IN COLLABORATION WITH
DR DARREN LOGAN
IF A GENETIC CODE NEEDS TO BE IMPROVED, WHO WOULD MAKE A BETTER EDITOR: A HUMAN, A MACHINE, OR WOULD WE NEED A HYBRID?
You are the one of the latest 7.4 billion versions of the human genetic code currently in operation. This code not only defines us as we are now, but is also both an historical diary of our evolution, and a blueprint for our possible futures. Scientists have invented new ways to read and change genetic information, creating new opportunities and insights into biological life. In the film, anonymous hybrid voices narrate the ways in which biological and computer coding could blend together to discover how genes can be mined for new information.
HOW IT IS MADE
The film combines 2D CG animation with appropriated material from different sources, including stock footage and research videos sourced from the Wellcome Trust Sanger Institute.
The artist also shot and edited in the establishing shots of buildings. The semi-fictional narrative is voiced using a text-to-speech reader.
BEHIND THE SIGNAL
Genomical amounts of data
Genomics is predicted to become the biggest source of data in the world, producing more digital information than astronomy, particle physics or even YouTube. By 2025 around 1 billion people will have had their genomes sequenced helping researchers find out more about how genetic mutations are linked to health and disease.
There are many ways of displaying a genetic sequence. A common format is a “trace” where each peak shows what nucleotide in each position.
Adenine (A) is green, guanine (G) black, cytosine (C) blue, and thymine (T) red. These colours are used universally to help researchers share and compare codes.
Chromosomes and Chromatin
The DNA molecule is very long; it has to be as it codes so much information. If stretched out human DNA would be about 1.7 meters long. To fit a copy of this into each cell it has to be compressed, folded and zipped up. First the double helix is coiled up into histones which fold up to form chromatin. This is then condensed again to make chromosomes. Humans have 23 pairs of chromosomes.
It sounds like science fiction to imagine being able to switch genes on and off using light but this already happens in nature. Every morning, sunlight triggers cells to start making proteins that wake you from your sleep. Scientists looked at the sequences of these proteins and found the code for the switch. Researchers can insert the switch code next to new genes and use light to turn them on and off to study their functions.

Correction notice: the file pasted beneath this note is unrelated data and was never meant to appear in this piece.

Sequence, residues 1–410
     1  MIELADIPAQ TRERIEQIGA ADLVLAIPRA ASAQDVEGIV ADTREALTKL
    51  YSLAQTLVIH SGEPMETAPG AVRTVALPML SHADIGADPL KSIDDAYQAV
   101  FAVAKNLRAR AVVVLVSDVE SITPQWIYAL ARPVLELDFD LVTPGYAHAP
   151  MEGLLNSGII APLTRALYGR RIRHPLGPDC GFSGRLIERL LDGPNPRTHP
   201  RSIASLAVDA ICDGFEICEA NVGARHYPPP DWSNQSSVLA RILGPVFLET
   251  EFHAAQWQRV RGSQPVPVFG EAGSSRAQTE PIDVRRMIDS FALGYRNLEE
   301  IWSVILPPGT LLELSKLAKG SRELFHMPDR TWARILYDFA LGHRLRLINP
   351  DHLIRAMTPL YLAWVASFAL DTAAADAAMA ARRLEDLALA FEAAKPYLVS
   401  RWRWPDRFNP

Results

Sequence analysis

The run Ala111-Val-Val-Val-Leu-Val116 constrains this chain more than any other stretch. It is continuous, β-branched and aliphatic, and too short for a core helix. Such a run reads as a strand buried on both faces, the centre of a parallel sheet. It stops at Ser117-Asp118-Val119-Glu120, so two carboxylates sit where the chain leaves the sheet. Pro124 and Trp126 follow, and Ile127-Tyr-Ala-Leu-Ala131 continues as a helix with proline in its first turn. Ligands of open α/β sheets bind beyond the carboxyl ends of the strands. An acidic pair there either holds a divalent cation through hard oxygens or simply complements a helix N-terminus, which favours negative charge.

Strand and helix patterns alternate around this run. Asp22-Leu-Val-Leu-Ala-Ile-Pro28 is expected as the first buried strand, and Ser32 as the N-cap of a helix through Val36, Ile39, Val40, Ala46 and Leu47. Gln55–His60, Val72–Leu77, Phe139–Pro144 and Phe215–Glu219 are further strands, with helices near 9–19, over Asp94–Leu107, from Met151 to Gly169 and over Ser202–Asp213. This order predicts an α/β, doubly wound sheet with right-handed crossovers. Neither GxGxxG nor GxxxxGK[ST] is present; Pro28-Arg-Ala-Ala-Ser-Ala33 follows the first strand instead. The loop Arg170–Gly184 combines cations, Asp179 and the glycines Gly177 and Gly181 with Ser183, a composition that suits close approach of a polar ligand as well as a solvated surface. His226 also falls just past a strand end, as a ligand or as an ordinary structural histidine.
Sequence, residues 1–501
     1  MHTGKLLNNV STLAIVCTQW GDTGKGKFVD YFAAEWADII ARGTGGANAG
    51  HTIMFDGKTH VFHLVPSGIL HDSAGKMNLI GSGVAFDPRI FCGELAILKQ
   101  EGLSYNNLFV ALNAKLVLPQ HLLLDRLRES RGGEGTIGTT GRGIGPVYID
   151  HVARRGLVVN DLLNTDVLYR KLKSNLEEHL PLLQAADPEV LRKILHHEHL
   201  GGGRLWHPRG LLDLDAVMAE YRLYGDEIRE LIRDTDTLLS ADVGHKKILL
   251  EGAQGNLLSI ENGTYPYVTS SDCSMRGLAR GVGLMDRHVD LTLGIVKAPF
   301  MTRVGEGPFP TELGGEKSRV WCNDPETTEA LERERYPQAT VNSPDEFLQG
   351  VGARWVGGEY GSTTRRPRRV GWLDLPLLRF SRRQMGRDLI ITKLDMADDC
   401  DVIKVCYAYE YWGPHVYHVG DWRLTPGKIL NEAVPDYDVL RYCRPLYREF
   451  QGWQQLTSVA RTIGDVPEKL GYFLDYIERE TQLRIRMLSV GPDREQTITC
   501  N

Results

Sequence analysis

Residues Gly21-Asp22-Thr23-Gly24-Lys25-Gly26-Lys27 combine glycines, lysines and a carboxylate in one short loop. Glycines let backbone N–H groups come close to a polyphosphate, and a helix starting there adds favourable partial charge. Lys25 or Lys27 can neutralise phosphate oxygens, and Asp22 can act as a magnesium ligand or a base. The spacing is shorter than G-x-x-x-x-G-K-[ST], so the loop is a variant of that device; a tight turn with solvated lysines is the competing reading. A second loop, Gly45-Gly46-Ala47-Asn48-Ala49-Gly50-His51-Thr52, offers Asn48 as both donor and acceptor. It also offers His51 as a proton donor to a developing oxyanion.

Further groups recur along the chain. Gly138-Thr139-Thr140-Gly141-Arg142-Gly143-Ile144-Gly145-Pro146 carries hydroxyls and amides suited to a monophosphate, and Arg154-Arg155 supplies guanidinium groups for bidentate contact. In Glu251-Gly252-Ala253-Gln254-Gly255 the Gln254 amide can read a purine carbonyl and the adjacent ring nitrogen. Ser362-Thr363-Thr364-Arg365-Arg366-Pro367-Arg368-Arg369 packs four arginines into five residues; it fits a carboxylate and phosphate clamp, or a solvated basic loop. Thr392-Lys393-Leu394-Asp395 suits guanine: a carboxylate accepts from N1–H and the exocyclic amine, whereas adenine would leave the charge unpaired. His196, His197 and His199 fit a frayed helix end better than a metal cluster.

DNA as a device
Medical devices have been implanted into the body since the 1950s. These have developed from crude gadgets to organic materials that can integrate with the body. Recent advancements have enabled the 3D printing of biocompatible materials and even parts of tissues to be printed from living cells opening up new ways to study and treat diseases.
In computing there are lots of different codes. Some codes are better for certain tasks, and some codes are preferred by programmers to write in. The code is the instructions behind what you see. These can be anything from a digital animation to the barcode that lets you buy lunch. There is only one biological code, made up of only four letters – A, T, C, G – that provide the instructions to make every living thing.
By finding out the order of the four nucleotides, adenine (A), guanine (G), cytosine (C) and thymine (T), researchers can read the genetic code and start to learn what each bit of code does. The first human genome took 13 years and cost $1 billion to sequence but advances in technology have made sequencing much faster and cheaper. Today a human genome can be sequenced in around a day for under $1,000.
Bacteria use this ancient editing process to protect themselves by cutting up the genetic code of attacking viruses rendering them harmless. CRISPR acts as a guide that brings the tiny molecular scissors (Cas9) to a specific stretch in the genetic code to cut through it. The cell will try and stick the ends back together but can make mistakes and ruin that bit of code. By designing their own CRISPR guides, scientists can cut anywhere they want and even paste in new genes to edit the genome.
THE SIGNAL AND THE NOISE IS A COLLABORATION BETWEEN
CHARLIE TWEED AND DR DARREN LOGAN
Find out more about the work of Dr Darren Logan and the science behind the animation here.
These resources have been developed to illuminate and explore the science behind the signals.
These are free for anyone to use for teaching, science communication or just for the curious.
The resources include activity sheets, curriculum links and more information
about the science, technology and data explored in the animations.